In thee. To upstart unthrifts? Wherefore was I born ? Cap. 'Tis thought, the king is dead: we will not If that my cousin king be king of England,

stay. It must be granted, I am duke of Lancaster. The bay-trees in our country are all wither'd, You have a son, Aumerle, my noble kinsman ; And meteors fright the fixed stars of heaven; Had you first died, and he been thus trod down, The pale-fac'd moon looks bloody on the earth, He should have found his uncle Gaunt a father, And lean-look'd prophets whisper fearful change ; To rouse his wrongs, 2 and chase them to the bay. Rich men look sad, and ruffians dance and leap, I am denied to sue my livery3 here,

The one in fear to lose what they enjoy, And yet my letters patent give me leave :

The other, to enjoy by rage and war: My father's goods are all distrain'd, and sold; These signs forerun the death or fall of kings.And these, and all, are all amiss employ’d. Farewell; our countrymen are gone and fled, What would you have me do? I am a subject, As well assur'd, Richard their king is dead. (Erit. And challenge law: Attornies are denied me; Sal. Ah, Richard ! with the eyes of heavy mind, And therefore personally I lay my claim

I see thy glory, like a shooting star, To my ipheritance of free descent.

Fall to the base earth from the firmament ! North. The noble duke hath been too much Thy sun sets weeping in the lowly west, abus'd.

Witnessing storms to come, woe, and unrest : Ross. It stands your grace upon to do him right. Thy friends are fled, to wait upon thy foes : Willo. Base men by his endowments are made And crossly to thy good all fortune goes. [Eril.

great. York. My lords of England, let me tell you this,I have had feeling of my cousin's wrongs,

ACT III. . And labour'd all I could to do him right :

SCENE I. Bolingbroke's Camp at Bristol. EnBut in this kind to come, in braving arms,

ter BOLINGBROKE, YORK, NORTHUMBERLAND, Be his own carver, and cut out his way,

PERCY, WILLOUGHBY, Ross : Officers behind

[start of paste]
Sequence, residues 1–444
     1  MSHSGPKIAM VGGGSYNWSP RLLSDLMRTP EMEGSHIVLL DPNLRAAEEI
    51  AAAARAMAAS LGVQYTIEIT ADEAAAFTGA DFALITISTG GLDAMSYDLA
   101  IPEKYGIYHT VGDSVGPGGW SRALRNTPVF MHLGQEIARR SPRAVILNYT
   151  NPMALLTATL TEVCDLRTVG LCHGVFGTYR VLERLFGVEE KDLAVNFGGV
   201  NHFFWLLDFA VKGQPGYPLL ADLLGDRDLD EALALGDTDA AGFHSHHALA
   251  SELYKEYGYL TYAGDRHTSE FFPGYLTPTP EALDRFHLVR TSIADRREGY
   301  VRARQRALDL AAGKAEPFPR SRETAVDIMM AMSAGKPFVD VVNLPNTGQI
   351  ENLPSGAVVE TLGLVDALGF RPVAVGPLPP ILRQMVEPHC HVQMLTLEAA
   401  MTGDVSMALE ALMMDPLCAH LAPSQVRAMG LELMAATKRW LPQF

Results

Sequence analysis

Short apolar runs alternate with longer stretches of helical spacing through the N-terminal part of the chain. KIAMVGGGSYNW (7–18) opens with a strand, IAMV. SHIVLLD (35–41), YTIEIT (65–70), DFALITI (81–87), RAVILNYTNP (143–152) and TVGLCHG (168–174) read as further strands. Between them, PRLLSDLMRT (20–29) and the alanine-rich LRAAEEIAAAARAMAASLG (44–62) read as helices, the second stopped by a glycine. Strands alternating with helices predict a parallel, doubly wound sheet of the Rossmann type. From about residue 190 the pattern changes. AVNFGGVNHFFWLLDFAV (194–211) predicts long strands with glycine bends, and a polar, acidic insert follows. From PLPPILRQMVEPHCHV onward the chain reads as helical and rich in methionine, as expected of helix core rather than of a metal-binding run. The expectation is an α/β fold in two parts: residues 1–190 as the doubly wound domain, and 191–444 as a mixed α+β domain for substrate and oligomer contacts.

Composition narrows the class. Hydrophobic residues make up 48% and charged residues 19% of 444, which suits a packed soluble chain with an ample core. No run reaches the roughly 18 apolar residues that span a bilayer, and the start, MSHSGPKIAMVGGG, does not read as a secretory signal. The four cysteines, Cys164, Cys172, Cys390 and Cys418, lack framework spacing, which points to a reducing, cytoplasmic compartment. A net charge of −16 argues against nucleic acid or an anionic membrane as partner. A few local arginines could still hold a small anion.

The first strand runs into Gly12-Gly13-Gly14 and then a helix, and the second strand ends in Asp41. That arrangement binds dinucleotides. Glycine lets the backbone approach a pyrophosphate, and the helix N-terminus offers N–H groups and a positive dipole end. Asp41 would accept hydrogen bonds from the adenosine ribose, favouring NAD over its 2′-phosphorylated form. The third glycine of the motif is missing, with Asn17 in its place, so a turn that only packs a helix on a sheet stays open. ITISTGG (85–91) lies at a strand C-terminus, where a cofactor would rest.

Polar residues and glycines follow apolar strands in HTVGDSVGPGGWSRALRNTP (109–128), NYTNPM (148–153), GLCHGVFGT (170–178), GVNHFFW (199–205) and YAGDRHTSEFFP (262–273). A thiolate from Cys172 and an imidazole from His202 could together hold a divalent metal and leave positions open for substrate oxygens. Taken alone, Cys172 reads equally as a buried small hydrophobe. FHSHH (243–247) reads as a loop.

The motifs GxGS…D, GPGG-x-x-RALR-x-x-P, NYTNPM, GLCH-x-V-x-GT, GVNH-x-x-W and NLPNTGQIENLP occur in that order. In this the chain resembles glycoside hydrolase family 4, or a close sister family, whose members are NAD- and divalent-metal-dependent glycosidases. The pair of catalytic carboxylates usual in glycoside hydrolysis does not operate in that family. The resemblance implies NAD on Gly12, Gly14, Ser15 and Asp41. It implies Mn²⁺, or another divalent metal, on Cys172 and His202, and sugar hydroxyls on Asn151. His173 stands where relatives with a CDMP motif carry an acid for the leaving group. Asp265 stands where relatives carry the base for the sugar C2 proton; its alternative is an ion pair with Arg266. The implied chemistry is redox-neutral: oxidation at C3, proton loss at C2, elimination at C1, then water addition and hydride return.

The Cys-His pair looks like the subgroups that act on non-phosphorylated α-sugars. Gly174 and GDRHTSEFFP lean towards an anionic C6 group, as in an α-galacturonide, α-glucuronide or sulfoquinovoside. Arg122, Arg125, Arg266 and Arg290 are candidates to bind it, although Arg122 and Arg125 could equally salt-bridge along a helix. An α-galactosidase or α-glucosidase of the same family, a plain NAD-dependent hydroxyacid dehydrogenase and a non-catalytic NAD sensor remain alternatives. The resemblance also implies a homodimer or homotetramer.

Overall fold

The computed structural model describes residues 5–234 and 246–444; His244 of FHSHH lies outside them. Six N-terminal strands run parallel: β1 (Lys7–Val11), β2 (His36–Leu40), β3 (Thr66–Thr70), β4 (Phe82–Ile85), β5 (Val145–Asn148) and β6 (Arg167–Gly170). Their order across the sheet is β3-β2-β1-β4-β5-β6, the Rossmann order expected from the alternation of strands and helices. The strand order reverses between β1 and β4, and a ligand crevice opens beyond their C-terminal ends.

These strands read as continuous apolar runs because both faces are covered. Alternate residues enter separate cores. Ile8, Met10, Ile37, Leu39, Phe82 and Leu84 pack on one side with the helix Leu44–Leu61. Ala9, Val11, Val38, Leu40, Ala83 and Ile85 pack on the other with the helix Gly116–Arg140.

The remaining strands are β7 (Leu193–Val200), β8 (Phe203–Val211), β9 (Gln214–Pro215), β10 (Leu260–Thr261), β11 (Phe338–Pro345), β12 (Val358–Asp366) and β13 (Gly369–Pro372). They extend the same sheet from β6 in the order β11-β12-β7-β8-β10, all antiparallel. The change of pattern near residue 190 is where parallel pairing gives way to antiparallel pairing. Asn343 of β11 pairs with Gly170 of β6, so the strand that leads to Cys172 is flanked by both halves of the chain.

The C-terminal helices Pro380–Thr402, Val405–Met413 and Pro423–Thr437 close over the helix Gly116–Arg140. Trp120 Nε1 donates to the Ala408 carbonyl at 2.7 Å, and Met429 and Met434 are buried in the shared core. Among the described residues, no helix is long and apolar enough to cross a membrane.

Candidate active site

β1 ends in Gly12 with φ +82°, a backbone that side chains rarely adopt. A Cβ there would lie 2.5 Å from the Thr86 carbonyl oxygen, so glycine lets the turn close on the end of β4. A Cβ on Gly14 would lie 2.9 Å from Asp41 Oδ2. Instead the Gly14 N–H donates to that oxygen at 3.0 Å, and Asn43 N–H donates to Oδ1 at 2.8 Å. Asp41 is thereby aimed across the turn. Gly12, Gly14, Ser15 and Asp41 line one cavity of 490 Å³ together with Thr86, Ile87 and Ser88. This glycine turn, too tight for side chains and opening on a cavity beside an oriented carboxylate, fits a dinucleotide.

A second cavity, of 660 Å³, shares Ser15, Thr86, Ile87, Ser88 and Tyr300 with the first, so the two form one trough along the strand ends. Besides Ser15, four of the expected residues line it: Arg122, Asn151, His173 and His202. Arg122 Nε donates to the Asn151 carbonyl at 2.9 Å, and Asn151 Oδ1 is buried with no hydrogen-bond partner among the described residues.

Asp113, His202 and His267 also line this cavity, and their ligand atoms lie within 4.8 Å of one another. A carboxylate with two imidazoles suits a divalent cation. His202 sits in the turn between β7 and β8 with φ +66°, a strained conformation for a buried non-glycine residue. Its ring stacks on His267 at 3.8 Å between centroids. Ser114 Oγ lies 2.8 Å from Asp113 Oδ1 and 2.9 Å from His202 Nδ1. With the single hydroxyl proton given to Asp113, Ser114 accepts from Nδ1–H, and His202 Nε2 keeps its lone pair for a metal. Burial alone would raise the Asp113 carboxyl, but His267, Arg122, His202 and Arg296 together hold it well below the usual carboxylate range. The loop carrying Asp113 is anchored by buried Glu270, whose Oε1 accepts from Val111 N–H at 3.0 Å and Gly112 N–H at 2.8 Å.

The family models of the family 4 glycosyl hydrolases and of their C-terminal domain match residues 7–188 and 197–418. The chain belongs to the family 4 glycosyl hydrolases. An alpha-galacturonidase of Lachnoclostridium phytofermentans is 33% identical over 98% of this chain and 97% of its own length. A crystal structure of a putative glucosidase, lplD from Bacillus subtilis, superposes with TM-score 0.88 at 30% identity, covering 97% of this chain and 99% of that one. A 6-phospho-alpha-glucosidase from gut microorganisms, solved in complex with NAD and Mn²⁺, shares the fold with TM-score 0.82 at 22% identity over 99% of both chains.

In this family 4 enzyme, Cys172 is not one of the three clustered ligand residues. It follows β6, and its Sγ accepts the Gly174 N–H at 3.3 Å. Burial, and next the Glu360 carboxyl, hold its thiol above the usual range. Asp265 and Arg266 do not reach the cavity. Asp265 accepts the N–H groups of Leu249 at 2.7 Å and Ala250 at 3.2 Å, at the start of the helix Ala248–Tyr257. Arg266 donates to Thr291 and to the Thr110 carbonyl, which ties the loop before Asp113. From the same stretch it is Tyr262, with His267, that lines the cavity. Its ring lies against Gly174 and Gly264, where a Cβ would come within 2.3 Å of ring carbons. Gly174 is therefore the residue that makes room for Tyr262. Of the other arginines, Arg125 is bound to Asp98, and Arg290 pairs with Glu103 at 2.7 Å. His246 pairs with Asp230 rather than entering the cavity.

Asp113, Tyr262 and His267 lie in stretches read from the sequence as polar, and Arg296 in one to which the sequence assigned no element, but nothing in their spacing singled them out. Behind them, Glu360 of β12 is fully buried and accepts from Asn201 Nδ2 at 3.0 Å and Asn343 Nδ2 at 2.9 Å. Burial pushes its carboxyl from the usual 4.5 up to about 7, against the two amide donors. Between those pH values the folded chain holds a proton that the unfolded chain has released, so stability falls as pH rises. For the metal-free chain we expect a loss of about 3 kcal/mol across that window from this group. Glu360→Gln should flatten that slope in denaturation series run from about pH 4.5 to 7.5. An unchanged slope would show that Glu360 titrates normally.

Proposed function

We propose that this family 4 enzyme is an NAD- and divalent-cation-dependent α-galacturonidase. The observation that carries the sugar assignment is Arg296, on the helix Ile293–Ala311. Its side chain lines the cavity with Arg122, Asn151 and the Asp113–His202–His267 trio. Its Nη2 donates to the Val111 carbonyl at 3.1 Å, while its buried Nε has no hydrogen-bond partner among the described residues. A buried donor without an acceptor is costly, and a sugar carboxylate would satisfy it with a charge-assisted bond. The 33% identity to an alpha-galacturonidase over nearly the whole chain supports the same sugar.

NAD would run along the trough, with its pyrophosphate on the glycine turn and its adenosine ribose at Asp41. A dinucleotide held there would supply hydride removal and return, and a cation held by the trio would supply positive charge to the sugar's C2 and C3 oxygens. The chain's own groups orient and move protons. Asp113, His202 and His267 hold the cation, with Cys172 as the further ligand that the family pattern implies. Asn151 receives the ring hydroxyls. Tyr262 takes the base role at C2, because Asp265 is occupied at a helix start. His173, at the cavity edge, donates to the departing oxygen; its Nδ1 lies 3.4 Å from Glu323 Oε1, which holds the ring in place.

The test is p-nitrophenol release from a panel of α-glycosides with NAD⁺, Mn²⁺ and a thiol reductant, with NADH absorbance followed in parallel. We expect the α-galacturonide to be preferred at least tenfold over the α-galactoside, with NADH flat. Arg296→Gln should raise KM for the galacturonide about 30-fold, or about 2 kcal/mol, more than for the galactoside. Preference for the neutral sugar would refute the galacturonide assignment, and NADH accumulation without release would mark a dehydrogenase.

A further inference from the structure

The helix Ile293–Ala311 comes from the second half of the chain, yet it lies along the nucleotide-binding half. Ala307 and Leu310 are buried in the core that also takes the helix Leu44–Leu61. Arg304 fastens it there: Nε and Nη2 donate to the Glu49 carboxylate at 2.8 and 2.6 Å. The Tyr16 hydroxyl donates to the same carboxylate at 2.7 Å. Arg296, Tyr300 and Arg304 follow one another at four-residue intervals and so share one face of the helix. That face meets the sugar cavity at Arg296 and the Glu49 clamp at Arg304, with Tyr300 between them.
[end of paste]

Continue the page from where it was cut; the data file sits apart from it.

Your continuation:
To find out right with wrong, -it may not be ; with Boshy and GREEN, prisoners.
And you, that do abet him in this kind,
Cherish rebellion, and are rebels all.

Boling. Bring forth these men.
North. The noble duke haib sworn, his coming is Bushy and Green, I will not vex your souls
But for his own: and, for the right of that,

(Since presently your souls must part your bodies,) We all have strongly sworn to give him aid;

With too much urging your pernicious lives, And let him ne'er see joy, that breaks that oath.

For 'twere no charity : yet, to wash your blood York. Well, well, I see the issue of these arms; From off my hands, here, in the view of men, I cannot mend it, I'must needs confess,

I will unfold some causes of your deaths. Because my power is weak, and all ill left: You have misled a prince, a roval king, But, if I could, -by him that gave me life!

A happy gentleman in blood and lineaments, I would attach you all, and make you stoop

By you unhappied and disfigur'd clean.' Unto the sovereign mercy of the king;

You have, in manner, with your sinful hours, But, since I cannot, be it known to you,

Made a divorce betwixt his queen and him; I do remain as neuter. So, fare you well ;

Broke the possession of a roval bed, 10 Unless you please to enter in the castle,

And stain'd the beauty of a fair queen's cheeks And there repose you for this night.